To balance his argument, Alter discussed the challenges facing Sen. Joe Biden, the Democratic vice presidential candidate. These challenges focused on Biden’s personality, more so than knowledge or experience.

“If he’s patronizing or condescending, he’ll lose,” Alter said. “He must show that knowledge, show that he is better prepared…”

Following his analyses, Alter emphasized the importance of this year’s vice presidential candidates. He discussed that these figures were the second most important people to focus on.

At this point in history, Alter said, the African-American candidate is the most at risk for assassination. Obama’s pick for vice president, he said, is very important. With Biden, Alter added, nobody thinks he is not prepared to step up and be president.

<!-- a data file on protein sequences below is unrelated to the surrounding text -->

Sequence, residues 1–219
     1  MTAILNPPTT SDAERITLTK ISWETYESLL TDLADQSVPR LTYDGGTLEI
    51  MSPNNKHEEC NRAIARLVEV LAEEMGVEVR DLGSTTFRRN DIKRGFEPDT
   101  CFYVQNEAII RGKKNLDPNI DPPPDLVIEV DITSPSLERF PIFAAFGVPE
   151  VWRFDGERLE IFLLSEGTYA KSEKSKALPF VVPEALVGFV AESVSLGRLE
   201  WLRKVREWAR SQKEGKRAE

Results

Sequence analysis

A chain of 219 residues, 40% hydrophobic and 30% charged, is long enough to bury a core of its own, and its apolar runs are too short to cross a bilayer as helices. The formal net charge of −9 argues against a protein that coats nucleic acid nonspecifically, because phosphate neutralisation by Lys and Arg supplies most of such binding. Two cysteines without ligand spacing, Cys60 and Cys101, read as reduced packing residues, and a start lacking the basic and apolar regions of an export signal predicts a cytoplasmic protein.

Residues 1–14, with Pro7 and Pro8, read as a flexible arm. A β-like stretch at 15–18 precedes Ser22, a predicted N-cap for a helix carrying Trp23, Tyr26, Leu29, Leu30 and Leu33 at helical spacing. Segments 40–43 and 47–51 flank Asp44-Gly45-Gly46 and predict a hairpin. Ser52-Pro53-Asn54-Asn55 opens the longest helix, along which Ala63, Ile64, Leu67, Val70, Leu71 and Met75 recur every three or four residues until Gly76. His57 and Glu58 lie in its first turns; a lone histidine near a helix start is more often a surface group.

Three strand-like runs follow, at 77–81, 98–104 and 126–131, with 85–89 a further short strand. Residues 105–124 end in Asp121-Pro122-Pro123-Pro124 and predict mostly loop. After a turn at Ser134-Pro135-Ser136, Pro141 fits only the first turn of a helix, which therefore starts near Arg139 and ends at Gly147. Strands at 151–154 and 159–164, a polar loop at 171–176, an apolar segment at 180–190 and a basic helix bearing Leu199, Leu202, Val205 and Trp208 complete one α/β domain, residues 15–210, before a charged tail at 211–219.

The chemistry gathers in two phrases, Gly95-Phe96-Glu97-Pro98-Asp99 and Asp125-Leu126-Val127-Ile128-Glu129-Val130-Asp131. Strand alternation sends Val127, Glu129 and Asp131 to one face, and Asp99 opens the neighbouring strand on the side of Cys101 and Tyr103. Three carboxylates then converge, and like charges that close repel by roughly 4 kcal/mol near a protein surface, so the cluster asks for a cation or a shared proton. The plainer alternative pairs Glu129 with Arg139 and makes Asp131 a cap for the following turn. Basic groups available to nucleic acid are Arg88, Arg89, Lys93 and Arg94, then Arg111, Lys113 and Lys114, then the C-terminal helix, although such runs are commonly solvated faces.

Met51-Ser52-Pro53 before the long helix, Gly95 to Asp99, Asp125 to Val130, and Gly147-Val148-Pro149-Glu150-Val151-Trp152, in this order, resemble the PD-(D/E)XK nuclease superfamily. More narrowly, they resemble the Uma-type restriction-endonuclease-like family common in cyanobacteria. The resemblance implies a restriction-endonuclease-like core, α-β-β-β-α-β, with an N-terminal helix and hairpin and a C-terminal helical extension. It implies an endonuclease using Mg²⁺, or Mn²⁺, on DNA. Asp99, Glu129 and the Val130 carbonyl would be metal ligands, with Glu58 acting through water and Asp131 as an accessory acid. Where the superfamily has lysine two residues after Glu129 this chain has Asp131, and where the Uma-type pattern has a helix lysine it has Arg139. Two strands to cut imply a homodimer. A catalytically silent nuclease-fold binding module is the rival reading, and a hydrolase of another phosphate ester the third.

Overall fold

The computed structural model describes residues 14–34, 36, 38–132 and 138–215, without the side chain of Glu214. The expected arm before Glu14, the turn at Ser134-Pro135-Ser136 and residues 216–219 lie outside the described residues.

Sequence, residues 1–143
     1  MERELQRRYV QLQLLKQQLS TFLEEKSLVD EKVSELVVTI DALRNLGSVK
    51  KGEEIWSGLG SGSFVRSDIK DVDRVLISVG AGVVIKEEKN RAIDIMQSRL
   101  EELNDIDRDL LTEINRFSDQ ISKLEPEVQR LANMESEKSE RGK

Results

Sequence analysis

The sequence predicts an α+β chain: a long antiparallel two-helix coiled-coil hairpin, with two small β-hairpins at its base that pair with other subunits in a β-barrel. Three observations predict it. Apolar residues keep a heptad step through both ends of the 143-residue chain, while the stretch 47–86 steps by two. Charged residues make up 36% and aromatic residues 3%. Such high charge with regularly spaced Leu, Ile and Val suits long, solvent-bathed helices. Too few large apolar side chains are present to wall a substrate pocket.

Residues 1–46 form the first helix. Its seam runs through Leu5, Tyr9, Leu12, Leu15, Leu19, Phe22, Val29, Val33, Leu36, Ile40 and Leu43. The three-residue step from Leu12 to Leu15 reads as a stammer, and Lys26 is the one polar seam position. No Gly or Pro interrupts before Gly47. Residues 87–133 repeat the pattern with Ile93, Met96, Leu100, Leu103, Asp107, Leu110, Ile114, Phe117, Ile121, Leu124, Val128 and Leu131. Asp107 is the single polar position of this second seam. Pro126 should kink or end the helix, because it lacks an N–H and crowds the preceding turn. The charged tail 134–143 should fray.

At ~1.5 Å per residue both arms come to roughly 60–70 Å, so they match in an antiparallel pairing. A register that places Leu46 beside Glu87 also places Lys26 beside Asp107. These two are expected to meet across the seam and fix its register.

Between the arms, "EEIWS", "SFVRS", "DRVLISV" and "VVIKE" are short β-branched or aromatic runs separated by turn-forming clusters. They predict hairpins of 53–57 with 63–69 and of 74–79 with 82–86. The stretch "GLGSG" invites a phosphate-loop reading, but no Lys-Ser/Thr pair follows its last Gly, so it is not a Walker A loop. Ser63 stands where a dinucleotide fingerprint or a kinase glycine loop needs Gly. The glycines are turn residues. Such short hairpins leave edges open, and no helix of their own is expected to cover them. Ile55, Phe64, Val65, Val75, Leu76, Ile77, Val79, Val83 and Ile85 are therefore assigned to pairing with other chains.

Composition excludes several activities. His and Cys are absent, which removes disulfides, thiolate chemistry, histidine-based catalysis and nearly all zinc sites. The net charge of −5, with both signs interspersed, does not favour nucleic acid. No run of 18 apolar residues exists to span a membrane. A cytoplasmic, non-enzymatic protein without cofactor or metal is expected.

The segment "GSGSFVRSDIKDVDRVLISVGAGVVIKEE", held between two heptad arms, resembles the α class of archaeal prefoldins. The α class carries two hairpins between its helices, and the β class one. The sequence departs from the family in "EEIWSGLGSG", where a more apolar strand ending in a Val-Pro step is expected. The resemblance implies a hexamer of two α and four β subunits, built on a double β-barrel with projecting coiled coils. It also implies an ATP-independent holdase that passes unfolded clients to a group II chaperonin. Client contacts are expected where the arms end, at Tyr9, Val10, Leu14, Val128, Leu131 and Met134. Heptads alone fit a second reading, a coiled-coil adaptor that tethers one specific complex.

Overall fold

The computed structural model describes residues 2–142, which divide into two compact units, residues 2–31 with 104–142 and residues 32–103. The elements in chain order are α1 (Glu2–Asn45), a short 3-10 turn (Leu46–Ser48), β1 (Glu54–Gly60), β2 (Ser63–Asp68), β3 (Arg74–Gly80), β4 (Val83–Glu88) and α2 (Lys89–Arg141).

While he may be the oldest, Senator John McCain must not act that way

“John McCain would be the oldest president ever elected,” Alter said. He then pointed out that McCain’s hero is Theodore Roosevelt, the youngest president ever elected.

“McCain has said on more than a dozen occasions that his first criteria in selecting a running mate was that he or she step in as commander in chief at a moment’s notice,” Alter said. Confronting Islamic extremism, he said, was McCain’s number one issue.

According to Alter, it would be reasonable to expect McCain’s running mate to be immediately qualified in confronting Islamic extremism. He then noted that it was “politically shrewd” to nominate a fresh face like Palin for vice president.

The last challenge in the election is for McCain to appeal to the masses.

“McCain’s challenge is to not come across as a grumpy, old man,” Alter said. “While he had an effective debate performance, I’m not so sure he did enough to counter that aggression.”